If one thing is true about loyalty marketing campaigns, it's that they're constantly growing. According to Cincinnati-based analytics firm Colloquy, there are more than two billion loyalty program memberships in the U.S., double the total in 2000.
With so many reward cards in peoples' wallets, it can be difficult for yours to stand out. One way is to ditch the traditional card and take your program mobile -- especially with the smartphone becoming the go-to device for people all over the world.
Here's a look at the pros and cons of four smartphone apps that can help take your customer loyalty to the next level:
For between $50 and $100 per month -- depending on access to features such as customer segmentation, data analytics or promotional tools -- Chicago-based Belly supplies merchants with an iPad that can be locked to a surface for security, as well as marketing materials. Customers check in by opening the free Belly app on their smartphones, pulling up their unique QR code and scanning it on the company's iPad.
More than 3,500 locations have adopted the Android and iOS-based loyalty program since its August 2011 launch, rewarding customers with customized perks that include everything from free coffee to naming rights for menu items.
Pros: Widespread adoption in major markets such as Boston, New York City and Washington D.C. means customers may already have downloaded Belly before you start using it.
Cons: Belly costs more than competing services. Some people may not like its Facebook integration and be reluctant to link their accounts to it.
Boston-based LevelUp launched in July 2011 as a mobile payment platform. Charging neither merchants nor users for transactions, it has persuaded more than 3,800 locations to use the app to process sales. But 98 percent of LevelUp's customers also use the service to manage loyalty campaigns, which is how the company makes money.
The program includes a free consumer app (Android and iOS) that users link to their credit or debit card and a merchant app that businesses run either on their own mobile device or on a free, LevelUp-provided Android phone. The consumer app provides a unique QR code on users' screens, which customers use to pay, while the merchant app scans the codes, processes payments and monitors for rewards. The program lets LevelUp merchants create customized rewards they give customers who reach certain spending levels.
Pros: Charges no credit card processing fees, so companies can save money by switching customers to LevelUp.
Cons: Not every customer will want to use LevelUp, so you won't be able to abandon credit-card payment processing altogether. Also, LevelUp derives income by taking 40 cents of every reward dollar earned by customers. So, the more successful it is for your business, the more you'll pay to LevelUp.
Possibly the closest app to the old paper punch card, Portland, Ore -based Perka lets businesses validate individual customer purchases without scanners, QR codes or photos. Customers check in at the participating location using the free Perka app, and after they make a purchase, the business "punches" their virtual card, using Perka's merchant app.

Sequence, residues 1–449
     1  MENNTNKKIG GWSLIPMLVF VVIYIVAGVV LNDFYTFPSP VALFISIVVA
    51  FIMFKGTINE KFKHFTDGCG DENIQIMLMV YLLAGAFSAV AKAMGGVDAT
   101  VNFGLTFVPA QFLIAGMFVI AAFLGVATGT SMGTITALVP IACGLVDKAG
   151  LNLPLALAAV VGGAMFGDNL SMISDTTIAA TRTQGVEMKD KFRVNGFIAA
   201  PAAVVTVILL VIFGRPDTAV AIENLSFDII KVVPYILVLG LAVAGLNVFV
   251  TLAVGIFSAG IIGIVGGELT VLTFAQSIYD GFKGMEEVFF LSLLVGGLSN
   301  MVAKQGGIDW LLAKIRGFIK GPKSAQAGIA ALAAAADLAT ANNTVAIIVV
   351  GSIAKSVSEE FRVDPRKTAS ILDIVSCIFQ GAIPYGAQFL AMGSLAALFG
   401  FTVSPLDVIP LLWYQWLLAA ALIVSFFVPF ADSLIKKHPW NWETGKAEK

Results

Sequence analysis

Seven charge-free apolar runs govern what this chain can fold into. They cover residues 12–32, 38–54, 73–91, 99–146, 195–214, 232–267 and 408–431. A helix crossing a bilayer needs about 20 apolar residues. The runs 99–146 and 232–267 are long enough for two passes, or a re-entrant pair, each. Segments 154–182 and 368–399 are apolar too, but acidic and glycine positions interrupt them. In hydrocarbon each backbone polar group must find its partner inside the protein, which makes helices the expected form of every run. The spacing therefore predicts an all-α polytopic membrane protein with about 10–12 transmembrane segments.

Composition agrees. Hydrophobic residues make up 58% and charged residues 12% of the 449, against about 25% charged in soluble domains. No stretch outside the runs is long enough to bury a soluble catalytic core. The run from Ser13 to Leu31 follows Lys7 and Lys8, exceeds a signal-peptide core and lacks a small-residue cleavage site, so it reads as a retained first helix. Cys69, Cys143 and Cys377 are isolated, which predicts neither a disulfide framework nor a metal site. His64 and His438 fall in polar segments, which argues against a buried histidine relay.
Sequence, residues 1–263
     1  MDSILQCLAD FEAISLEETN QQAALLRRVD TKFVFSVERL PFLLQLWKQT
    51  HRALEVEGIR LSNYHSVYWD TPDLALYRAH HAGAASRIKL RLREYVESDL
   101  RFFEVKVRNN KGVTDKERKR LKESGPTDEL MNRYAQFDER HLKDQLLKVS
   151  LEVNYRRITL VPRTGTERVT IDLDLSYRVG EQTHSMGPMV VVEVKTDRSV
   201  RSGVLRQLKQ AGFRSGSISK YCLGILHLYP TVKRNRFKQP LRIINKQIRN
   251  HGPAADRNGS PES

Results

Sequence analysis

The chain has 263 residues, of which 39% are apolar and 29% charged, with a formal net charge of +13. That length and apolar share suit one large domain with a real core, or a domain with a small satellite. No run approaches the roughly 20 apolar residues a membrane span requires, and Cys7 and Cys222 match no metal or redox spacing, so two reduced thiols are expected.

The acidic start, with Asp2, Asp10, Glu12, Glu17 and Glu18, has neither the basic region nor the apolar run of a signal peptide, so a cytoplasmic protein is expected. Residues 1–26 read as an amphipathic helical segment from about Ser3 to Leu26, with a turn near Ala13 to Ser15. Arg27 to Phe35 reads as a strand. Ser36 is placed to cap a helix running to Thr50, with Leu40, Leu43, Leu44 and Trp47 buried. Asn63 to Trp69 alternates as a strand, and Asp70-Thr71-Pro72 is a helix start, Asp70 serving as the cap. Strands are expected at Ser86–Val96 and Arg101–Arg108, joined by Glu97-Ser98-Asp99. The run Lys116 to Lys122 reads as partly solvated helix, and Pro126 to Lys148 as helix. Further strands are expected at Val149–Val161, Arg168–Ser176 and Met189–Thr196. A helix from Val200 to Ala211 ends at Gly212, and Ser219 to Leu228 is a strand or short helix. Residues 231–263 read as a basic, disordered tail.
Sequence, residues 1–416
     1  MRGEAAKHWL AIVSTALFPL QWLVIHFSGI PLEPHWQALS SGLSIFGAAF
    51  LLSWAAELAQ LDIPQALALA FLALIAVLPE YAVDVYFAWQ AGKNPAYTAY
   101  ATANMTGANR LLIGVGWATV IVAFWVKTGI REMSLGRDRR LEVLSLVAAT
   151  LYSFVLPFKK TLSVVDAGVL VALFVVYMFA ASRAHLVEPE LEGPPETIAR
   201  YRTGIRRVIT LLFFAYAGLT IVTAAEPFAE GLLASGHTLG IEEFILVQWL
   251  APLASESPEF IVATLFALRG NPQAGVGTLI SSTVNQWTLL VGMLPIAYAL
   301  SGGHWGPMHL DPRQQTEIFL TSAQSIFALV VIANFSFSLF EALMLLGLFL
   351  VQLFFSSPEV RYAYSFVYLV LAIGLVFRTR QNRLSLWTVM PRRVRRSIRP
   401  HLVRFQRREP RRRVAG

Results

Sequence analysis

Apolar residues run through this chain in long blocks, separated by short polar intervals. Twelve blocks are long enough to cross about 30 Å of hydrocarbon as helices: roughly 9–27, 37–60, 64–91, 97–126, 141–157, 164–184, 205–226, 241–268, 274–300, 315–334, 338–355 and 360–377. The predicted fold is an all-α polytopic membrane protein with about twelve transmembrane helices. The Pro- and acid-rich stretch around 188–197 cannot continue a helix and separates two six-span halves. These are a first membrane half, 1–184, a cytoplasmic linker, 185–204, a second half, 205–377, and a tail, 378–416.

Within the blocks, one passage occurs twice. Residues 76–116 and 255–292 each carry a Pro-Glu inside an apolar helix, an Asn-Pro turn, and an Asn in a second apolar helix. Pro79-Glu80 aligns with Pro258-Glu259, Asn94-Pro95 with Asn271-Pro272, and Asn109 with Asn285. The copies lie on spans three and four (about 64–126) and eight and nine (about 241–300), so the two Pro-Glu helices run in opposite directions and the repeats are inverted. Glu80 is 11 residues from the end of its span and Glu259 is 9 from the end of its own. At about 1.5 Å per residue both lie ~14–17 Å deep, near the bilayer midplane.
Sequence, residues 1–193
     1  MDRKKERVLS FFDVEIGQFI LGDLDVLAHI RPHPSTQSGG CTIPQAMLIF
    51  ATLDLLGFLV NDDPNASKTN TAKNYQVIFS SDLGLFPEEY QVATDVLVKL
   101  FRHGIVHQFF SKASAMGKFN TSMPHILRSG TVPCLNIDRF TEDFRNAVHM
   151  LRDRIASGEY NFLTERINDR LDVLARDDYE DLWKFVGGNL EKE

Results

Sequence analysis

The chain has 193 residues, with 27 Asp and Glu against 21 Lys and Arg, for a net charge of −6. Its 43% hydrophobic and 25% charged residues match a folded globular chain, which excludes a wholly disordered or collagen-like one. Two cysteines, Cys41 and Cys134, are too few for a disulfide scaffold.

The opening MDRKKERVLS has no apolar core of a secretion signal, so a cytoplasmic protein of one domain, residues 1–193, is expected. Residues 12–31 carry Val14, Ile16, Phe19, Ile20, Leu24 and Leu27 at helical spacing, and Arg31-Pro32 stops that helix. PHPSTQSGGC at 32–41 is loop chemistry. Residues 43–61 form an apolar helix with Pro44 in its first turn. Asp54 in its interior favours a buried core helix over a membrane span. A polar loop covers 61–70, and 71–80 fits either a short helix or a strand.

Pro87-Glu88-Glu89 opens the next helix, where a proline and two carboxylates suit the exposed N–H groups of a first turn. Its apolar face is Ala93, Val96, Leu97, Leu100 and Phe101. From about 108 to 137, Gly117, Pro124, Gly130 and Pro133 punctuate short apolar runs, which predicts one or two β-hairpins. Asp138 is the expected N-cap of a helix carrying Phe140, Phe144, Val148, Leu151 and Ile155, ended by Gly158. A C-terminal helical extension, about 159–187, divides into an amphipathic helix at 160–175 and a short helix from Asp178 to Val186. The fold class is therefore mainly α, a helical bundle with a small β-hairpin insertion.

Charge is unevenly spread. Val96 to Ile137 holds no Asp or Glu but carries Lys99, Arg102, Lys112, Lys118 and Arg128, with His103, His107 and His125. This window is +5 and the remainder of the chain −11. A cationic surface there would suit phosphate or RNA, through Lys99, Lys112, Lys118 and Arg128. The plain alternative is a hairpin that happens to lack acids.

Perka, which logged its first transaction in April 2011 and went national six months later, is available for $35 per month at more than 400 locations across the U.S., Canada, the U.K., Australia and Ireland. Perka also provides iPods to administer the program, though businesses can use their own web-capable devices instead.
Pros: Frequent customers get better rewards, attaining "Regular" and "VIP" status. Also, non-smartphone users can participate by sending text messages to check in.
Cons: App users have complained about the small number of Perka locations, with only 400 venues across five countries. But that doesn't affect Perka's ability to track rewards for your business.
With Pasadena, Calif.-based Punchcard, your company may already have a loyalty program and not even know it. Using the free Punchcard app, customers take a photo of their receipt and tag the business with a location-based geo-targeted listing to earn a punch. If the customer gets 10 punches within six months, Punchcard rewards him or her with a gift card equal to the average purchase but not exceeding $20.
Businesses can sign up with Punchcard for between $29 and $99 per location, receiving varying levels of messaging and offer capabilities. Features allow them to personalize offers to valued customers, discover customers shopping nearby or make limited-time offers. Currently supporting 15 million businesses, Punchcard is something you should load on your phone, even if you don't deploy it for your business, to start racking up rewards.
Pros: Managed entirely by Punchcard, the program requires no equipment for businesses.
Cons: Wasn't escaping the paper trail the whole idea of smartphone loyalty plans? Photographing receipts is inconvenient for customers, and participating businesses will have to offer receipts when many don't.
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